The AT's Fairy Godmother Makes Ingenious Tents


Judy Gross calls her company, LightHeart Gear, the “accidental tent business.” When she sewed herself a lightweight, one-person backpacking shelter in 2006, she never imagined that within three years she’d be selling tents to hikers across the country, or that in 12 years she’d be pouring the foundation for her own factory. At the time, she just wanted a lightweight tent that didn’t skimp on comfort.

At 61 years old, Gross has already retired—twice—once from the Air Force and then from a job as a nurse practitioner. Her plan upon leaving her hospital gig in 2001 was to spend most of her time out hiking the trails of her native North Carolina. That all changed in 2006, when she started section-hiking the Appalachian Trail. Frustrated with her relatively heavy 4.5-pound, two-person tent, Gross figured she could make a better one herself. Her specifications were simple: The tent had to be lightweight and compact yet spacious, foolproof to set up, and it couldn’t have long guylines (a recipe for tripping).

After months of tinkering, Gross came up with an oblong pyramid-shaped, double-walled model that had ample floor space and was tall enough to sit up in but weighed less than two pounds. Her friends were so enamored with the design that they encouraged her to sell it as a DIY kit. “I had struggled for so long with this pattern,” Gross says. “I was not going to put it out on the public domain.” She’d make the tents herself. In 2009, LightHeart Gear was born. (The name is an adaptation of Gross’ trail name, Heart Fire.)

Gross sewed the tents out of her home in Asheville, North Carolina, and then showed them at local hiking festivals. Hikers would see the tents, and then call weeks or months later when they decided the tents they were using weren’t cutting it. Word spread organically as more of Gross’ models started making their way onto the AT.

LightHeart Gear
LightHeart SoLong 6 (Courtesy LightHeart Gear)

Each year, business grew 30 to 40 percent, and within two years, Gross hired her first seamstresses to help with production. “That’s when I realized I had to make this a real business,” she says. Gross moved production into a rented facility in Asheville and committed to managing the company as a full-time job. As business grew, so did her product line, which evolved to include larger and smaller tent options and a new apparel collection.

“The fact that LightHeart tents are made in the USA and offered at a reasonable and competitive price point is very impressive,” says David Kauffman, associate product manager for tents at Sierra Designs. “I think this goes a long way with a lot of consumers. Working in tent development myself, this does deserve a lot of respect.”

But domestic manufacturing and competitive pricing aren’t what made Gross’ products so popular with thru-hikers: It’s her customer service. “She is known for her prompt response and will do anything to help out hikers, thru-hiking or not,” says Allegra Torres, a LightHeart customer who knows Gross through the North Carolina hiking community. If someone calls the company phone number, chances are Gross herself will answer. If that person’s tent is malfunctioning, Gross will mail them a loaner while she does repairs. If that person is on the trail within a hundred or so miles of Asheville, Gross will drive to hand off that loaner in person.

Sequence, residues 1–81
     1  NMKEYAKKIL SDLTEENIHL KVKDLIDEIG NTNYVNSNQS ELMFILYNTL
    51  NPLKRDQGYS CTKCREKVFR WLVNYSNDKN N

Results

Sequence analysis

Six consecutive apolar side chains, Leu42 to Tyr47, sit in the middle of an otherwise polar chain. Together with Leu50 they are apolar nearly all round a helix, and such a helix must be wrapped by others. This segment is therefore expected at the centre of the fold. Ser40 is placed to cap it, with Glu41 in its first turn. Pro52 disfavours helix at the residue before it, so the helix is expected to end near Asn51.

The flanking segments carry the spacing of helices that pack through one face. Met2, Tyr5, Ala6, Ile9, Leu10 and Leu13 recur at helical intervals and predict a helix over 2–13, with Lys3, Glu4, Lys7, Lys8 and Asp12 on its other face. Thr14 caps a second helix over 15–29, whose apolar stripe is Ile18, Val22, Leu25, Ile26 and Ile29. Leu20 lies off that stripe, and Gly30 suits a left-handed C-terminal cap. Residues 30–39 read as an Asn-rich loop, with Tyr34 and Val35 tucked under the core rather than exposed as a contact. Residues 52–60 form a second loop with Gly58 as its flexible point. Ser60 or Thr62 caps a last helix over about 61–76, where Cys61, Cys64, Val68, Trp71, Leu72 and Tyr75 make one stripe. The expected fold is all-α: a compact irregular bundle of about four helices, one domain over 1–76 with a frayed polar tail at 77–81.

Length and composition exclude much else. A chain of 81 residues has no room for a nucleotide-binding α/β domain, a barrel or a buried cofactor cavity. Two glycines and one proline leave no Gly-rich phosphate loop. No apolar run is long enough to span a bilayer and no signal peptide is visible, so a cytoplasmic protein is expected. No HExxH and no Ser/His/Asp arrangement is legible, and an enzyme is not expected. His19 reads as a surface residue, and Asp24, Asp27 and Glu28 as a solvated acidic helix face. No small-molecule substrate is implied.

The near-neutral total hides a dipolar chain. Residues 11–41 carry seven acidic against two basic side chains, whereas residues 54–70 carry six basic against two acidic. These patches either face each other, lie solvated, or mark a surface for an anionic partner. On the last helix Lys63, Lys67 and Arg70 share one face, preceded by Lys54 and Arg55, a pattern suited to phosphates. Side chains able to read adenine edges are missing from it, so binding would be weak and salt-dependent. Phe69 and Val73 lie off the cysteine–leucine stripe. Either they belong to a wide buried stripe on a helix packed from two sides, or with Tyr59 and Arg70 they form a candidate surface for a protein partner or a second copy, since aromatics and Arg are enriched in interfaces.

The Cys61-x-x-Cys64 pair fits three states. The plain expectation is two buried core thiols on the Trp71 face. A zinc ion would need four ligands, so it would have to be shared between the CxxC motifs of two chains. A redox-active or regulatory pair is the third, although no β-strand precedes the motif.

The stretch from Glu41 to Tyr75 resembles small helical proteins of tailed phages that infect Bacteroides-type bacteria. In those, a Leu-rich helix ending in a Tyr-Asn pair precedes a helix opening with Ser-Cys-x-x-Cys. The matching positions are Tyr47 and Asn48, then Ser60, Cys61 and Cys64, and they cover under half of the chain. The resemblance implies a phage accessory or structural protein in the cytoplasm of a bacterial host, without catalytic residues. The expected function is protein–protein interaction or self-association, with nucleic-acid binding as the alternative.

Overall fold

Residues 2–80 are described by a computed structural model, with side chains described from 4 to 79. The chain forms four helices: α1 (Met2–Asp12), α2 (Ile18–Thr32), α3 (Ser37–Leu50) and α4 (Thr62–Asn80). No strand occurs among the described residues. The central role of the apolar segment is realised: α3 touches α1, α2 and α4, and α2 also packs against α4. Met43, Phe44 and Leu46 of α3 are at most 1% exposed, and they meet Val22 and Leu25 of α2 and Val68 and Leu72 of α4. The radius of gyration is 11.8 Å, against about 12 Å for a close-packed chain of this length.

And because of that—as well as the popularity of her design and relative affordability of her price points (tents average around $300)—business is good. LightHeart now sells four different tents, a line of rain gear, and a line of women’s hiking apparel. Across the board, her design process starts with a mandate of function over fashion. Gross’ SoLong tent came about because she noticed a lot of people taller than 6'4" complaining in online forums about not being able to fit into standard one-person tents. Her Hiking Skirt with Pockets was born because Gross couldn’t find a hiking skirt with functional cargo pockets. (She makes sure smaller sizes still have the same large pockets because “petite women don’t have petite-size phones, maps, or guidebooks.”) Its A-line cut is designed to allow freedom of movement.

In the name of catering to customers’ specific needs, Gross takes special alteration requests for many products. For rain jackets, she offers custom sleeve lengths and will flare hems to accommodate larger hips. On rain pants, she offers custom inseams. Gross will even retrofit tents with add-on features like awnings or door flaps.

In May, Gross started building a sewing factory in Asheville, where she’ll soon employ anywhere from two to six seamstresses. For now, Gross says she loves her job and is determined to become a go-to brand for women’s hiking clothing. She hopes her son, Joshua, will take over the business when she’s ready to retire (again), but she doesn’t know if she ever wants to be the kind of company that sells millions of tents or pieces of clothing a year. “It becomes even more business and less passion,” Gross says. “My customers are so grateful and surprised when I answer an email late on a Friday night. I want to keep that personal touch.”



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